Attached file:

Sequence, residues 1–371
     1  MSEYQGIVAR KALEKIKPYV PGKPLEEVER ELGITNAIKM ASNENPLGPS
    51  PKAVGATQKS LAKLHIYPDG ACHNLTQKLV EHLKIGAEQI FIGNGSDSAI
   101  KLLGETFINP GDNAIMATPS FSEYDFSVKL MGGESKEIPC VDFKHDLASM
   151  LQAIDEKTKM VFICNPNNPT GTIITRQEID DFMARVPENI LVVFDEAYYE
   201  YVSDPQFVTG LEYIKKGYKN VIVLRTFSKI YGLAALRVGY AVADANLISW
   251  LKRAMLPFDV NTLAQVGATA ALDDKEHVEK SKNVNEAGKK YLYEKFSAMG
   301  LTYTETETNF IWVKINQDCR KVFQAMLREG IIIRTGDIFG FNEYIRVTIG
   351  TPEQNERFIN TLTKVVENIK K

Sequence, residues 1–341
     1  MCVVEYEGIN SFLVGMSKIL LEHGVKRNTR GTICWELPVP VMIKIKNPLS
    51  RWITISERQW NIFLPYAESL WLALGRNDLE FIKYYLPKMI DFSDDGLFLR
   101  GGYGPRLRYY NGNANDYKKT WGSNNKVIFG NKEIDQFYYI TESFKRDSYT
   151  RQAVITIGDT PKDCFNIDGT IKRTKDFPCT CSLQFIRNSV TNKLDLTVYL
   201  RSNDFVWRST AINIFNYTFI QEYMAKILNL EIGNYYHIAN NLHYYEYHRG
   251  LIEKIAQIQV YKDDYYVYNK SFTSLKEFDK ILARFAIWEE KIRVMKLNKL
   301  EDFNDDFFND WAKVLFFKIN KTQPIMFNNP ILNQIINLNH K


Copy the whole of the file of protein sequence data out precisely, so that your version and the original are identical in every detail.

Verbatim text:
Sequence, residues 1–371
     1  MSEYQGIVAR KALEKIKPYV PGKPLEEVER ELGITNAIKM ASNENPLGPS
    51  PKAVGATQKS LAKLHIYPDG ACHNLTQKLV EHLKIGAEQI FIGNGSDSAI
   101  KLLGETFINP GDNAIMATPS FSEYDFSVKL MGGESKEIPC VDFKHDLASM
   151  LQAIDEKTKM VFICNPNNPT GTIITRQEID DFMARVPENI LVVFDEAYYE
   201  YVSDPQFVTG LEYIKKGYKN VIVLRTFSKI YGLAALRVGY AVADANLISW
   251  LKRAMLPFDV NTLAQVGATA ALDDKEHVEK SKNVNEAGKK YLYEKFSAMG
   301  LTYTETETNF IWVKINQDCR KVFQAMLREG IIIRTGDIFG FNEYIRVTIG
   351  TPEQNERFIN TLTKVVENIK K

Sequence, residues 1–341
     1  MCVVEYEGIN SFLVGMSKIL LEHGVKRNTR GTICWELPVP VMIKIKNPLS
    51  RWITISERQW NIFLPYAESL WLALGRNDLE FIKYYLPKMI DFSDDGLFLR
   101  GGYGPRLRYY NGNANDYKKT WGSNNKVIFG NKEIDQFYYI TESFKRDSYT
   151  RQAVITIGDT PKDCFNIDGT IKRTKDFPCT CSLQFIRNSV TNKLDLTVYL
   201  RSNDFVWRST AINIFNYTFI QEYMAKILNL EIGNYYHIAN NLHYYEYHRG
   251  LIEKIAQIQV YKDDYYVYNK SFTSLKEFDK ILARFAIWEE KIRVMKLNKL
   301  EDFNDDFFND WAKVLFFKIN KTQPIMFNNP ILNQIINLNH K